As I mentioned in my last post, brioche is one of my favorite viennoiseries*. It is a slightly sweet buttery egg-y magnificently textured baked good and can be found at any bakery in France. I love to buy them in mini-loaves, as little brioches au sucre. They make for a wonderful afternoon snack and it is so fun to eat them bit by bit, pulling slightly at the crust and watching the long strands of dough come out.
The brioche gets its texture from a long work-out, either manual (as demonstrated in this video) or from a heavy duty stand mixer. My first attempt at making brioche was passable but not great; the texture was fairly good but the brioche tasted flat and somewhat bland**. This was my very first time using dry active yeast though, so I still considered it a good effort.
For my second attempt, I wanted to try something more complex. So I turned to Baking with Julia which I had just purchased (before knowing about TWD). Brioche is one of the ten recipes that form the building blocks of the book as mastering these first few recipes gives you the foundation to tackle the more challenging ones in the rest of the volume. I followed the recipe to the letter and came out with the wonderful loaf pictured above. It was all I could hope for, slightly sweet, a deep flavor of eggs and butter, and a soft chewy strandy texture. Success!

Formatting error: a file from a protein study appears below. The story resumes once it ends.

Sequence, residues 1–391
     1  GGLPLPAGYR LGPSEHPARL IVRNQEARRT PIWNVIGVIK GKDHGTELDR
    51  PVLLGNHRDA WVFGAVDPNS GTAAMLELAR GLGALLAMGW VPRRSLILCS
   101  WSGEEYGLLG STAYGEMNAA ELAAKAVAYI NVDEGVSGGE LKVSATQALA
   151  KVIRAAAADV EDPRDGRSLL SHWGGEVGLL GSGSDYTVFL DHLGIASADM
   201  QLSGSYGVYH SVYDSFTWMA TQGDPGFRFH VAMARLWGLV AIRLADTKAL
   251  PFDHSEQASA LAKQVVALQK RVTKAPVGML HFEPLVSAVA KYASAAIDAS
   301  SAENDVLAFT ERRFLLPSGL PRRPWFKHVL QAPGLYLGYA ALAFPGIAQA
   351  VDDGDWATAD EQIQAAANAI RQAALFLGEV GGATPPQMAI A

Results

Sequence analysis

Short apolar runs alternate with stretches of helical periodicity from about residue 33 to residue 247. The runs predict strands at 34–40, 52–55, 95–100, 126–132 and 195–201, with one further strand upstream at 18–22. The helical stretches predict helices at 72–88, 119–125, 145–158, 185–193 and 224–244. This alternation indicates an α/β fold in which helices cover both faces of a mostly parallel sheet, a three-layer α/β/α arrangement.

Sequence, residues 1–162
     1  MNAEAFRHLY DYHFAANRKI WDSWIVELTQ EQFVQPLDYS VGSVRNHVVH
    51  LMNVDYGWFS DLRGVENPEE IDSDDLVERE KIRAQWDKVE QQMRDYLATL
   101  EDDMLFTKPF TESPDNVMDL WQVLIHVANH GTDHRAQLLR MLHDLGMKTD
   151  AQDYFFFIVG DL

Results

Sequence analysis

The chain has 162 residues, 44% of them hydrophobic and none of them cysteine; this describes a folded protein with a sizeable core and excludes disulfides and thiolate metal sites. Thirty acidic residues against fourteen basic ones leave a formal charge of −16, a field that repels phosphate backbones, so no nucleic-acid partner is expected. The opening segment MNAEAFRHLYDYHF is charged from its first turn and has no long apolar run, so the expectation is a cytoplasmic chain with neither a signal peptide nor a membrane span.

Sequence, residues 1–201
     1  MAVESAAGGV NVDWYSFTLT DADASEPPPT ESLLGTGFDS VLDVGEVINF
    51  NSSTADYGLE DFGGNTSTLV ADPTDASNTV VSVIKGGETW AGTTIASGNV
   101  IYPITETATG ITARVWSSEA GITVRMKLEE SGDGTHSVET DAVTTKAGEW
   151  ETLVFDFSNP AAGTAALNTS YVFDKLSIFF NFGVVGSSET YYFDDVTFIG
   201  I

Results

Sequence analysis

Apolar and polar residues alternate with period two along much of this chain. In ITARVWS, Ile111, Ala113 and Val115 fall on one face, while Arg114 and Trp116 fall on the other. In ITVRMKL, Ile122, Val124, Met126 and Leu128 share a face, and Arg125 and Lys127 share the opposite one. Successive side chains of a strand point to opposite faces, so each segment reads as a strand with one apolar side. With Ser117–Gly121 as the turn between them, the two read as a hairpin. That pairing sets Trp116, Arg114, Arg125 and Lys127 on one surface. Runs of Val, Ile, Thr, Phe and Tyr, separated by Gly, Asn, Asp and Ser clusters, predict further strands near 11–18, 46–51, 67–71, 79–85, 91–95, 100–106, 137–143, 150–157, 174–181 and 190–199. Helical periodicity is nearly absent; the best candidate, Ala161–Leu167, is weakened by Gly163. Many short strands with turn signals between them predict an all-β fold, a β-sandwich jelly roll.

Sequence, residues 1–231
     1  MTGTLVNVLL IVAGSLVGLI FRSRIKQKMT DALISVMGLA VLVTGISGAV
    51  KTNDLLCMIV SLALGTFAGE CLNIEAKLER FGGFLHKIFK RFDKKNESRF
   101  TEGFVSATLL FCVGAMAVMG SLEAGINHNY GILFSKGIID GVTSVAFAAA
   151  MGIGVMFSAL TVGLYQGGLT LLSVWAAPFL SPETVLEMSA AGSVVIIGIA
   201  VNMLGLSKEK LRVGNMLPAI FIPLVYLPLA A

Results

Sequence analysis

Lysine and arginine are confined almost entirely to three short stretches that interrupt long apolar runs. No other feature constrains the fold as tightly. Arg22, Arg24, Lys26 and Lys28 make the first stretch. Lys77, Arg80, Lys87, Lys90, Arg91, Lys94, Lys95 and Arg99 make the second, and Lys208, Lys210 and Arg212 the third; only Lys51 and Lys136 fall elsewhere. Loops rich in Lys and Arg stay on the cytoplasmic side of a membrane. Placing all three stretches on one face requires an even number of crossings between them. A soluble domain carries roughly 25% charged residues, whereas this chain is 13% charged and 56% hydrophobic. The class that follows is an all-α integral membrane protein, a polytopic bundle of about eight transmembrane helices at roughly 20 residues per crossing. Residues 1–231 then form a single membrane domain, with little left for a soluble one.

* A viennoiserie is a baked good made with a yeast-leavened dough or puff pastry and often contains eggs, butter, and milk/cream. In the US, the most well-known viennoiserie is probably the croissant.
** I used the recipe from La Tartine Gourmande which I linked to in my previous post. I believe that the recipe would have benefited from a tad more sugar and a longer mixing period (I probably rushed through it a bit). I typically really like the recipes from her blog, so I will have to give it another try now that I am more familiar with brioche making technique.